Germany want gold back, Federal Reserve sending 5 percent, will take seven years
Back in the days of the Soviets and worries about a Red Army invasion west of the Iron Curtain, Germany made a decision to hide the massive gold supplies outside German borders.
Germany has the second largest reserve of gold in the world — after the U.S. — but for years it has stored most of it in vaults in New York, France and London, rather than at home.
The German Precious Metals Association and Germany’s ‘Repatriate Our Gold’ campaign said that the move by the Bundesbank did not negate the need for a full audit of Germany’s gold.
The Telegraph headline states the Germans don’t trust President Obama (hence the reason for the decision) and then says ‘Do you blame them?’ – see article here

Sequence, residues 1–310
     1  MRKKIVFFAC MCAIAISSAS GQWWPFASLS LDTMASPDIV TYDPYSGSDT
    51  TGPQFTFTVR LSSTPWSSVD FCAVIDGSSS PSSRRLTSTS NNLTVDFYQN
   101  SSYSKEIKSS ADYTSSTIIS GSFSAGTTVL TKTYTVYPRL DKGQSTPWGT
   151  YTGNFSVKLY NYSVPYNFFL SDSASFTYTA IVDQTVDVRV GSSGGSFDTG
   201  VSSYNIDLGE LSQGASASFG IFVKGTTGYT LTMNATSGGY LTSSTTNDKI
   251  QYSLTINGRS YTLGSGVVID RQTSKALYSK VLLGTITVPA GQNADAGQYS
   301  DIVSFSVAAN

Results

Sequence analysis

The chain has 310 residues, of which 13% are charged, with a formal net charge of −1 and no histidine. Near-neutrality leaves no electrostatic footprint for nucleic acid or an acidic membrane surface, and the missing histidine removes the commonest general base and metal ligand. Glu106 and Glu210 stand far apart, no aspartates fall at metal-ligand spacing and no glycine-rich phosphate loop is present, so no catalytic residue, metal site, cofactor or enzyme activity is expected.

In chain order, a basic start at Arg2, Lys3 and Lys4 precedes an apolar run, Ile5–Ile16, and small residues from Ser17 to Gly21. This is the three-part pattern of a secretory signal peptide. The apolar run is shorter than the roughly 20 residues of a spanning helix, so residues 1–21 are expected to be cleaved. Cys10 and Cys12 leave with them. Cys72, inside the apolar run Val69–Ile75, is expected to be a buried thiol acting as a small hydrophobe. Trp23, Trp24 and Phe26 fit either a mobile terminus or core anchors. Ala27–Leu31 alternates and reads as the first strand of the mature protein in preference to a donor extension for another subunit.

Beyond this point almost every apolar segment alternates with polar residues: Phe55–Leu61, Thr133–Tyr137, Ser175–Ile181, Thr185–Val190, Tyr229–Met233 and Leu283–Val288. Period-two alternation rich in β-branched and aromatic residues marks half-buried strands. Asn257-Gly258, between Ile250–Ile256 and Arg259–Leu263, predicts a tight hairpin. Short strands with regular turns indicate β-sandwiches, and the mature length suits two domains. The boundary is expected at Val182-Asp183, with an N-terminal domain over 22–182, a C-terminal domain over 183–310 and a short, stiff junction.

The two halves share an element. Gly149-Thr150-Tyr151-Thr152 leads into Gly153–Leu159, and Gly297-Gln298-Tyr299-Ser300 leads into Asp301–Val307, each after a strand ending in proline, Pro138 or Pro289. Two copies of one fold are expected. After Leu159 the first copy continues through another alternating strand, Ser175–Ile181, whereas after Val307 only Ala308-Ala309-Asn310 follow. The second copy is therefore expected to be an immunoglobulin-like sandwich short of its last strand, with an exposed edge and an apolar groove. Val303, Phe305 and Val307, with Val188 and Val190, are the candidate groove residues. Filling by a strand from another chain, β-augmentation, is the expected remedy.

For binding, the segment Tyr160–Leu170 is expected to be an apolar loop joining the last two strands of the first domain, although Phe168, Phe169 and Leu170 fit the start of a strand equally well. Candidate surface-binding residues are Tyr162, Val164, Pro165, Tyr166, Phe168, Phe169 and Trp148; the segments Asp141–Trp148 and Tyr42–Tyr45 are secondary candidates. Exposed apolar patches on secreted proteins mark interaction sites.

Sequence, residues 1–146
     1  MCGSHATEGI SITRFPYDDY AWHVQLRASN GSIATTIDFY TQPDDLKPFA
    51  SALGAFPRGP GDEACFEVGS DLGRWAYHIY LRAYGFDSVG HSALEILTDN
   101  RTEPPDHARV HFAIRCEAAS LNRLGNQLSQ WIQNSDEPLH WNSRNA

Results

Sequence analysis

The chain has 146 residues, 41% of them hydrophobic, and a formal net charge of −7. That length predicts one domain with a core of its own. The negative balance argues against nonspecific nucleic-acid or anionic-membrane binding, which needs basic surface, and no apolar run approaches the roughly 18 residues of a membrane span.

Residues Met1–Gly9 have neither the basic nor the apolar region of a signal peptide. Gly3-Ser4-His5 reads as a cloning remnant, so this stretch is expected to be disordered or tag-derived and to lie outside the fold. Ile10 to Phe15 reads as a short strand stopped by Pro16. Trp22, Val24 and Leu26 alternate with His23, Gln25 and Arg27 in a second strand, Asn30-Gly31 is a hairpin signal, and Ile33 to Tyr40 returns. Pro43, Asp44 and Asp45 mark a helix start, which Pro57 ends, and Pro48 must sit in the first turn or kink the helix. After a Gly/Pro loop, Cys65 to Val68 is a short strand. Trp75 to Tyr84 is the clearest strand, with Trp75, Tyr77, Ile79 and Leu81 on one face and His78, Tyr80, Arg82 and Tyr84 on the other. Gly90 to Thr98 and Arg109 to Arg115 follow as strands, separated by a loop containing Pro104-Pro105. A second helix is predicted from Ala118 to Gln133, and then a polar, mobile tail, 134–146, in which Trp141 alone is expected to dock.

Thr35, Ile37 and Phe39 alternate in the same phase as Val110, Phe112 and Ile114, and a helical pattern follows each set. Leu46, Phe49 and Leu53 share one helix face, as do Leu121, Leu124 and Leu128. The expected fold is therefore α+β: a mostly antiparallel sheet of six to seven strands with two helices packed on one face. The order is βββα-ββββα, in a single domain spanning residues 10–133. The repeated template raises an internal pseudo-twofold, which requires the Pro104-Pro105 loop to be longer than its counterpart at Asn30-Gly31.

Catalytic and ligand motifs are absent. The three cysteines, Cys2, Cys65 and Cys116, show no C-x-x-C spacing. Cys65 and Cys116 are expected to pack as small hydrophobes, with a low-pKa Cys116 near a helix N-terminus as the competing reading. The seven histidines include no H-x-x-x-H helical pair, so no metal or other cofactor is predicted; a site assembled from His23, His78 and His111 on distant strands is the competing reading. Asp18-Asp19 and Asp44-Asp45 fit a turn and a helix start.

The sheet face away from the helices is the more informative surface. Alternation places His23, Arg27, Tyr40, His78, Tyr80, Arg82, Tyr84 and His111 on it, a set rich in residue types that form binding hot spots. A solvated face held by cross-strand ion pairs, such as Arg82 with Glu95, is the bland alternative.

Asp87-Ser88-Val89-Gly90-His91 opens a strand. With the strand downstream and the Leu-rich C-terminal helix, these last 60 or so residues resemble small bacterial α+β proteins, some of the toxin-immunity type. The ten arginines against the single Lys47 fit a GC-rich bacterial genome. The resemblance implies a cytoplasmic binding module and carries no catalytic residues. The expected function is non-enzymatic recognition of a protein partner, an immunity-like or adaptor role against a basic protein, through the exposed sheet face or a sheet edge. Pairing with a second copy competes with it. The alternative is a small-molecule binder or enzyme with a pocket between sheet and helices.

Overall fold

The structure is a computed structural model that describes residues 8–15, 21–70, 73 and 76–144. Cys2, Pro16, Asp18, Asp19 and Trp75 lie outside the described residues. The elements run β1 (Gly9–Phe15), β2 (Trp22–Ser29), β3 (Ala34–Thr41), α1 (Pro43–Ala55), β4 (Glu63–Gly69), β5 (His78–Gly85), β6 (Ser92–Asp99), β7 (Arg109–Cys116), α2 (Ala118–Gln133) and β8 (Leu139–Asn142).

Federal Reserve responded to the Germans stating that the transfer will take seven years, noting that only 5% will be in the first shipment.
They want this to take place in order to protect against impairment of the gold reserves through leases and swaps. Indeed, they have called for independent, full, neutral and physical audits of the gold reserves of the world’s central banks and the repatriation of all central bank gold – the physical transport of gold reserves back into the respective sovereign ownership countries.
Germany has gold reserves worth 3,396 metric tons, worth about $200 billion. It is stored in the form of 27,000 gold bars — 45 percent of which are held in the Federal Reserve Bank of New York; 13 percent of which are in the Bank of England in London, and 11 percent of which are in the Banque de France, in Paris. The remaining 31 percent of the gold is kept in Frankfurt. Once the Bundesbank repatriates 300 tons of its gold from New York and all of the 374 tons of gold that it keeps in Paris, exactly 50 percent of Germany’s gold reserve will be stored in Frankfurt. Thirty-seven percent of the reserve will remain in New York.